We can’t hear anything we don’t like. What do you feel when you are told something you don’t want to hear? It scares me. I don’t like to be scared. You think, I don’t have to listen to this. I have options. I can turn away. I can unfollow. I can click on something else. Something that doesn’t scare me. Previous generations were actually able to hear things they didn’t like. It didn’t ruin their day.

Fear works. Something scaring you? Protests making you uncomfortable? Don’t look at them. Turn away. That uncomfortable feeling at the holiday dinner table when a family member brings up politics, race, or any number of conflict-filled topics? Trump offers a world where we don’t have to face what we don’t want to face.

Polls and approval ratings don’t matter. We cannot predict what people will do when they fill out their ballot. We look at these with the same perspective as any media — attracted to those whatever we want to hear and unable to see what we don’t want to hear.

I am not surprised. I don’t know if it’s my connection to folks in rural places or my profession where I talk to people for a living or the fact that I spent over 30 hours calling and texting voters for Biden and hearing lots of Trump supporter’s views. But I am not surprised. I do feel ashamed. I believe a vote for Trump is a vote against the rights of people of color, women, immigrants, LGBTQ and yes — poor people no matter where they live.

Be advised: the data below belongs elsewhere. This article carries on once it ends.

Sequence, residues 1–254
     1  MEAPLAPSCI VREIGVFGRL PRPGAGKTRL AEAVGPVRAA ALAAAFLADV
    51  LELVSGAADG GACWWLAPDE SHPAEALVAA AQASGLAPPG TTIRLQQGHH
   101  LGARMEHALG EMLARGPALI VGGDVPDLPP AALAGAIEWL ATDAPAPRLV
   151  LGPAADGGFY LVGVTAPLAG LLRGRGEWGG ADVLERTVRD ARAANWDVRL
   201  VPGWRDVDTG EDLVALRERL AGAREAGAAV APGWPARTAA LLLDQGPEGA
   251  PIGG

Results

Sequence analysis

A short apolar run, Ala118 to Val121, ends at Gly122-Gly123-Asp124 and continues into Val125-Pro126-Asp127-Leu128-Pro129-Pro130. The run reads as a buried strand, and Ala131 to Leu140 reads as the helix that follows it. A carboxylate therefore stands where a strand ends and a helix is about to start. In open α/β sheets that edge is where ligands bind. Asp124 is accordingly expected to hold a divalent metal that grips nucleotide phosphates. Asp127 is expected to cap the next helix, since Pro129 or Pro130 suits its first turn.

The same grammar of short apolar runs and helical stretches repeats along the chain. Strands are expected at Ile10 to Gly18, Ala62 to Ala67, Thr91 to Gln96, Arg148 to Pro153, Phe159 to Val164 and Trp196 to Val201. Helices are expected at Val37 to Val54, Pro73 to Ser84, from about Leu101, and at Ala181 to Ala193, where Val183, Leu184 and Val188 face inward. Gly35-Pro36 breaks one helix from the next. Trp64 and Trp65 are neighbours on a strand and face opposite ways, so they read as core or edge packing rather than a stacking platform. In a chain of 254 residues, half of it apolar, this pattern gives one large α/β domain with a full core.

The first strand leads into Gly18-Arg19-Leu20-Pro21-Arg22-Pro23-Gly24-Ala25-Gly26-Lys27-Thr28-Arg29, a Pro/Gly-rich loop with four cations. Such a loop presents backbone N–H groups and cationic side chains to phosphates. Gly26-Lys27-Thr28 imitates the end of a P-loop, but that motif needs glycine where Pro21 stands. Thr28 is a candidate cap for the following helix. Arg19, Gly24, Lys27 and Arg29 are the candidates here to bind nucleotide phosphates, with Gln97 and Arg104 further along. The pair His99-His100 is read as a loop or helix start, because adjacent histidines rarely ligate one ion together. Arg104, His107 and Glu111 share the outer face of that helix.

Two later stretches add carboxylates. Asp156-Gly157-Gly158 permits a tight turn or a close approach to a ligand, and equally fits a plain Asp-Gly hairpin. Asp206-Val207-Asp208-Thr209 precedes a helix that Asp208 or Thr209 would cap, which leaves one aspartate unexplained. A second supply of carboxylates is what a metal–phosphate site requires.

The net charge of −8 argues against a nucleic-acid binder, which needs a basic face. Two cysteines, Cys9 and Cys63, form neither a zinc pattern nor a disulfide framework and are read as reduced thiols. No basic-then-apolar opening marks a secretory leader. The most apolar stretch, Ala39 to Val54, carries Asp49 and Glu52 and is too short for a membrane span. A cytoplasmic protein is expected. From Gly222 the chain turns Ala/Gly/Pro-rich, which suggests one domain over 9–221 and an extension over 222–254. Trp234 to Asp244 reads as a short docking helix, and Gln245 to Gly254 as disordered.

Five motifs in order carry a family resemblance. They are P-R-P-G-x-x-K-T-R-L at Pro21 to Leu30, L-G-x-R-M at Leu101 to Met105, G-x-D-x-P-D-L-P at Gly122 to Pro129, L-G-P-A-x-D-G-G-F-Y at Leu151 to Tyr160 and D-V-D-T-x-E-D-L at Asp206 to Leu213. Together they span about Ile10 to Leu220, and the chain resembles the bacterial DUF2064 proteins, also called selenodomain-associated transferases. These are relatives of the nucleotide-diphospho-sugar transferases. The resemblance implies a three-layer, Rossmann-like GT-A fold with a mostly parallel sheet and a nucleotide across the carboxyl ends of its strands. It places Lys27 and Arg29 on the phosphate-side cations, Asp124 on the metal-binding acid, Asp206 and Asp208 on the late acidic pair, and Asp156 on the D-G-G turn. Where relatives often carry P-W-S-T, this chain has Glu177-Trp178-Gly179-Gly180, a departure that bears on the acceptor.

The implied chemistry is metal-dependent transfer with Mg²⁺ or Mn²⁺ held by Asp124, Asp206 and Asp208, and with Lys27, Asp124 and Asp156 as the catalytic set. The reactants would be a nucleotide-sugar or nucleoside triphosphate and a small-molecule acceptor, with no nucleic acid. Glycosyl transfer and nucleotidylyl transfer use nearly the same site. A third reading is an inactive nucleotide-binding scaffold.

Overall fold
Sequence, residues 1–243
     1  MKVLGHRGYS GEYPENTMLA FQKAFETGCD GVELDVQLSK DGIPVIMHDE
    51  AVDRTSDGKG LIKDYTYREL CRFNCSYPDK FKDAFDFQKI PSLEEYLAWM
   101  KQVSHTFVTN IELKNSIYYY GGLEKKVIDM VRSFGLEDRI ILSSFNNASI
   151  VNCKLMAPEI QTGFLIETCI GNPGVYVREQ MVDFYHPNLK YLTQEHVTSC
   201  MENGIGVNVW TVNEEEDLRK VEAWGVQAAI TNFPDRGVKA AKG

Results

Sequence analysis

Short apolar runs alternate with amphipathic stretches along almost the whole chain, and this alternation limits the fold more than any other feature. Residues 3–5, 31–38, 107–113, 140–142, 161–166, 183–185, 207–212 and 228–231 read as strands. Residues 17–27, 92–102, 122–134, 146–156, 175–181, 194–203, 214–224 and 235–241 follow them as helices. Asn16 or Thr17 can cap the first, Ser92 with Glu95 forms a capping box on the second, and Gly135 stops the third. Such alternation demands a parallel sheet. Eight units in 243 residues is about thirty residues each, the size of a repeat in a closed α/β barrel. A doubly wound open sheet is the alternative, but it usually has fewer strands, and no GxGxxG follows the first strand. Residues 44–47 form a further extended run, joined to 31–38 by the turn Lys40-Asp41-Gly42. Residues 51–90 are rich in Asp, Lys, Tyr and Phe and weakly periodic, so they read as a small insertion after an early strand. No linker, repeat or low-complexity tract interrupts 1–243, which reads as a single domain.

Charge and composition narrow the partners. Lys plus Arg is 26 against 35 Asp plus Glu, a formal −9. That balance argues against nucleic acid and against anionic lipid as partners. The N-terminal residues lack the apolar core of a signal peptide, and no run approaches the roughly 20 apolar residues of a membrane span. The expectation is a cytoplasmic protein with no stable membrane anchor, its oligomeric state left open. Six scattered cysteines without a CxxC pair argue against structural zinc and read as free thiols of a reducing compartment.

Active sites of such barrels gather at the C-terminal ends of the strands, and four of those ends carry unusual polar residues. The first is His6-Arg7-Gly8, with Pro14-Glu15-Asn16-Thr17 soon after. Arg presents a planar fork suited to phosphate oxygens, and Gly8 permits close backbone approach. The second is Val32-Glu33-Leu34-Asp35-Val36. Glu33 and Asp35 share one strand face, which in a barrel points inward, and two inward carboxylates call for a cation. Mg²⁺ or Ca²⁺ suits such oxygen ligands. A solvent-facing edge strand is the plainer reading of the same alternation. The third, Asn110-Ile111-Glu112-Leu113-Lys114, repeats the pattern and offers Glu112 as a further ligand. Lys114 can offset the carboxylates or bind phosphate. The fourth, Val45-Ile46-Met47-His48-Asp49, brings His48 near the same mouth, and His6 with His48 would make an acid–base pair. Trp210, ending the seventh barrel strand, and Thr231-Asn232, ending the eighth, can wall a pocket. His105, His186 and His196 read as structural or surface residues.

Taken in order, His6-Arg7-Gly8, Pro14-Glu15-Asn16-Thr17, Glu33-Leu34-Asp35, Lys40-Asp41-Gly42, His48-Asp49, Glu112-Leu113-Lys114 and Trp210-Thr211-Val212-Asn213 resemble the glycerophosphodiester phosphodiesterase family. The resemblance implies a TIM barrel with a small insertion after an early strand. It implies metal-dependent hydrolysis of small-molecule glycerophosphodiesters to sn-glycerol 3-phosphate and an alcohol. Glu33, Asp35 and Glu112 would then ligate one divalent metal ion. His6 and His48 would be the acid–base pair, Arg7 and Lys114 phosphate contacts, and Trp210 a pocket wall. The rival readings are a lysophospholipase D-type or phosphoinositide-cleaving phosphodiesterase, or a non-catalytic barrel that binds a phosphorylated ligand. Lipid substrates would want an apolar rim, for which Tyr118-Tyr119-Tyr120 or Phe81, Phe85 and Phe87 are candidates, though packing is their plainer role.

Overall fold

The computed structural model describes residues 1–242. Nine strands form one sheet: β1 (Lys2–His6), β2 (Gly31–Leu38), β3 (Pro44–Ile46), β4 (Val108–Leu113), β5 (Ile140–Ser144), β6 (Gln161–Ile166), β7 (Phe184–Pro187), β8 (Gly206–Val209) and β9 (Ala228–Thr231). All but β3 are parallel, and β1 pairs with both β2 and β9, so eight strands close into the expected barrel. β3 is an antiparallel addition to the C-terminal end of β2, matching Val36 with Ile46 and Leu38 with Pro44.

We are a complex, large and diverse nation, pretending we are a democracy, suppressing reality, ridiculously comfortable and isolated, unwilling to face our history of genocide and slavery. I am not surprised. My eyes are open.

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Kimberly Urish

Kimberly Urish

Always an English major, I write short non-fiction about my experiences. Talk to me.